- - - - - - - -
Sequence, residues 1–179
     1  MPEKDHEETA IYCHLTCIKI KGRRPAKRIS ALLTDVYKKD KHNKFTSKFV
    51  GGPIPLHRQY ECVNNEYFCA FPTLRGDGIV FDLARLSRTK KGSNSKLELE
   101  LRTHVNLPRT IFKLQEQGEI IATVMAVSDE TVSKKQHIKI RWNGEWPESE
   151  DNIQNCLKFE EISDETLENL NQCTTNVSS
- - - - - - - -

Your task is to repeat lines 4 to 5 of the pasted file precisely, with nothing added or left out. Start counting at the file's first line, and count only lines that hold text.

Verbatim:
   101  LRTHVNLPRT IFKLQEQGEI IATVMAVSDE TVSKKQHIKI RWNGEWPESE
   151  DNIQNCLKFE EISDETLENL NQCTTNVSS